Cola Are Working Toward Something New on 'The Gloss'

BY Marko DjurdjićPublished Jun 13, 2024


Formed from the ashes of Ought by ex-members Tim Darcy and Ben Stidworthy, Cola started as a duo in 2019. After just one practice with Darcy and Stidworthy, session musician and seasoned collaborator Evan Cartwright joined the band, and the duo became a hardy trio. The band fizzed their way onto the Canadian indie conscious after a period of focused writing and recording, and in 2022, the released their debut LP, Deep in View on Fire Talk Records. Acclaimed by numerous publications, the record presented Cola's sparse, looping sound through ten solid compositions. The album conjures up memories of bands named after common household objects (Television, Wire, Magazine, Spoon, CAN), yet blends these influences with a decidedly jazzy palette, thanks to Cartwright's complex and poetic rhythmic flourishes.

Now, two years later, the band has returned with their sophomore album, The Gloss, an album that builds on some of its predecessor's strengths yet ultimately eschews that album's tension and directness in favour of more expansive and grandiose compositional approaches.

While still rooted in the trio's minimalist guitar/bass/drums setup, the recording itself feels full and bouncy, accentuating the interplay between Darcy's sharp, slightly overdriven riffs and Stidworthy's meaty, direct basslines. Album opener "Tracing Hallmarks" is replete with melodic turns, splashing cymbals and a driving bass. None of the instruments overstay their welcome or overpower their neighbours, living in jittery harmony, even if some of the overt jazziness of Deep in View has subsided in favour of even more simplistic, Motorik-by-way-of-Manhattan rhythms.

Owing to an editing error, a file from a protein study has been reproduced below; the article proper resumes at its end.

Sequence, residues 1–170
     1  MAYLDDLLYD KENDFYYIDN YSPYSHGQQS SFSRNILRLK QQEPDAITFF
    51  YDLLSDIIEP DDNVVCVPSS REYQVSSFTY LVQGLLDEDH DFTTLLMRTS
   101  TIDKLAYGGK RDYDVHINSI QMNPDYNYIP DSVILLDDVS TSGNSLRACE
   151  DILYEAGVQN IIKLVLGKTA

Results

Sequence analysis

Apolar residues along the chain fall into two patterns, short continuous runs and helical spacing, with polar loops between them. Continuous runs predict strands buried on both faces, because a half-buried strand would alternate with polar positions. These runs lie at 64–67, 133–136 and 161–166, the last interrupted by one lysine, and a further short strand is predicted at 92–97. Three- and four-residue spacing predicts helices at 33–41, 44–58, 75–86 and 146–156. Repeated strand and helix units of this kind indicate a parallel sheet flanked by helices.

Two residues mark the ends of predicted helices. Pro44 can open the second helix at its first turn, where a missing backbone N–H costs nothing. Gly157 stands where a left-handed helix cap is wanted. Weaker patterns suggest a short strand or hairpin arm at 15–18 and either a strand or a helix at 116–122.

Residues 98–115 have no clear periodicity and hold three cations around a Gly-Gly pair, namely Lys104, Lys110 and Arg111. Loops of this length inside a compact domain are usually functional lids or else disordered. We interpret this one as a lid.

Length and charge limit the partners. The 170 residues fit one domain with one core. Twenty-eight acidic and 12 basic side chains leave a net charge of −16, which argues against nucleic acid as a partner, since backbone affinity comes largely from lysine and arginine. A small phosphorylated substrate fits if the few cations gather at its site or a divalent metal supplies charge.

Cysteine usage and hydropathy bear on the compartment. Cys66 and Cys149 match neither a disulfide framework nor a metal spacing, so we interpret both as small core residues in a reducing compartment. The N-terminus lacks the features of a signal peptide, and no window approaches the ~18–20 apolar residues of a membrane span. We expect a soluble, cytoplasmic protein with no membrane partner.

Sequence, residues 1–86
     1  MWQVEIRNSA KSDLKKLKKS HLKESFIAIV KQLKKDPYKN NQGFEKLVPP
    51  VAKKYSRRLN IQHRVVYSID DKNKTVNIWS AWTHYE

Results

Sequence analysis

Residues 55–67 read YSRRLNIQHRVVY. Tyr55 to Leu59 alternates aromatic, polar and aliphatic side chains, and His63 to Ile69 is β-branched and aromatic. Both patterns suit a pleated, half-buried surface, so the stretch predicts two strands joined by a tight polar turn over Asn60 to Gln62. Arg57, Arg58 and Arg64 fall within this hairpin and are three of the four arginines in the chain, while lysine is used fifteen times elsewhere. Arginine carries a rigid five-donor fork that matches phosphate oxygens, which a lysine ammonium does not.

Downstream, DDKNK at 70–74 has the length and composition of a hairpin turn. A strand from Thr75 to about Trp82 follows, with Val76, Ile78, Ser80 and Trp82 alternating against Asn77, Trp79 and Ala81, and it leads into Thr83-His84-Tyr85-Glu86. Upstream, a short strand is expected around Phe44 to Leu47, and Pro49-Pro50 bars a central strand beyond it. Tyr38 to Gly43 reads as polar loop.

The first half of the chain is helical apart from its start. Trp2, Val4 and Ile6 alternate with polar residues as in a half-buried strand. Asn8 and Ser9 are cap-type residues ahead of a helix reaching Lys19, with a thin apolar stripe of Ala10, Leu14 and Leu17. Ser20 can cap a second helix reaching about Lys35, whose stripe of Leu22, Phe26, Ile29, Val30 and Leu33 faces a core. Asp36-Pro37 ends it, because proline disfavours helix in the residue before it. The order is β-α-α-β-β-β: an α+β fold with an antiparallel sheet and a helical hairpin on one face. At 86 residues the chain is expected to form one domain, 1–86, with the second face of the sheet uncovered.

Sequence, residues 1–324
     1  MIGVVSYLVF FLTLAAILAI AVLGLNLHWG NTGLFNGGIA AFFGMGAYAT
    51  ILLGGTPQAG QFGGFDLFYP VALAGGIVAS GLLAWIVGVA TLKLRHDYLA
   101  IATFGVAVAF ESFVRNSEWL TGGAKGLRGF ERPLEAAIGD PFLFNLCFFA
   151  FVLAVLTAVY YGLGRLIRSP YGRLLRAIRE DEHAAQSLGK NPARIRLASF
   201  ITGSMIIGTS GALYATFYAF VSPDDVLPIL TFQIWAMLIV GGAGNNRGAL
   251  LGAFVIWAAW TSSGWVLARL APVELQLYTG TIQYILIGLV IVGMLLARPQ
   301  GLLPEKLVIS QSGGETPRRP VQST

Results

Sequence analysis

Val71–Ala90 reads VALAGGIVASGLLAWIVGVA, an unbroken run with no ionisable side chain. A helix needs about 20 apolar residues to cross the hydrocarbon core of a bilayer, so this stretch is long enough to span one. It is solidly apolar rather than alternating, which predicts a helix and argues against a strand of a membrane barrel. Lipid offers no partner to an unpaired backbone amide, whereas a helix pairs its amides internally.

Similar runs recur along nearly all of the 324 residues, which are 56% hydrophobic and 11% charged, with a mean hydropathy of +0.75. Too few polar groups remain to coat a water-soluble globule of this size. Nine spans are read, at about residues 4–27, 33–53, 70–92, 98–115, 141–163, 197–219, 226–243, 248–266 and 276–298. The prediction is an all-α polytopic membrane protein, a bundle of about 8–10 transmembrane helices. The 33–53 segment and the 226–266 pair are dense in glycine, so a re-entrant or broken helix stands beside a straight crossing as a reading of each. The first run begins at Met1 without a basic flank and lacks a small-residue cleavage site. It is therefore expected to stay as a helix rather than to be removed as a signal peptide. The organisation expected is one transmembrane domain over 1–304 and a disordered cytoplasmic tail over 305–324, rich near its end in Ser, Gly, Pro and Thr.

Throughout the record, Darcy's voice — a melancholy, expressive yet always direct instrument — relishes its place in the pantheon of great sprechgesang vocalists. This approach, which rejects conventional, note-based vocal expressions in favour of sing-talkin, has become popular within various genres of 2020s music, favoured by everyone from Squid and Wet Leg to Yard Act, Cheekface, Fontaines D.C. and even pop artists like Billie Eilish and Olivia Rodrigo. What is unique about Darcy's approach — in Cola, Ought and his solo work — is his ability to conjure the expressive intonations and tones of Jonathan Richman, Roy Orbison and Car Seat Headrest's Will Toledo, rather than the detached drawl of Lou Reed.

Songs like "Pallor Tricks" and "Albatross" are complex, winding compositions, at once both melodic and dissonant. "Pallor Tricks" in particular relies on clanging transitions, (practically) sunny choruses and Randy Newman-esque vocals, peppered with spittle and delivered by an oversized tongue. "Albatross" is as imposing and direct as its titular bird; it is robust and uncomfortable, reflecting with a surreal eye on the minutiae — and ennui — of 21st century life ("If you break glass / Brush it off of the table"; "I'm a lame horse / With an optimistic mind / And there it is").

Unfortunately, the immediacy of Deep in View is somewhat missing from the predominantly mid-tempo The Gloss. Although the minimalist "Nice Try" is punctuated by a lovely, chiming guitar solo, it is still plodding and linear, a trend seen throughout the album's second half. Many of the songs lack the necessary dynamics needed to sustain their repetitive structures, particularly "Keys Down If You Stay" and "Reprise," the album waning in energy by the time you reach closer "Bitter Melon."

Although the band clearly wears its assorted influences proudly on their collective sleeve, this diverse approach can sometimes hinder progress, resulting in some songs that are vibrant, complex and uniquely Cola, while relegating others to the derivative badlands. Fortunately, such glaring contradictions may actually work in Cola's favour, with The Gloss feeling like the inevitable stepping-stone to a more cohesive, and hopefully lively, third record.

(Next Door Records)

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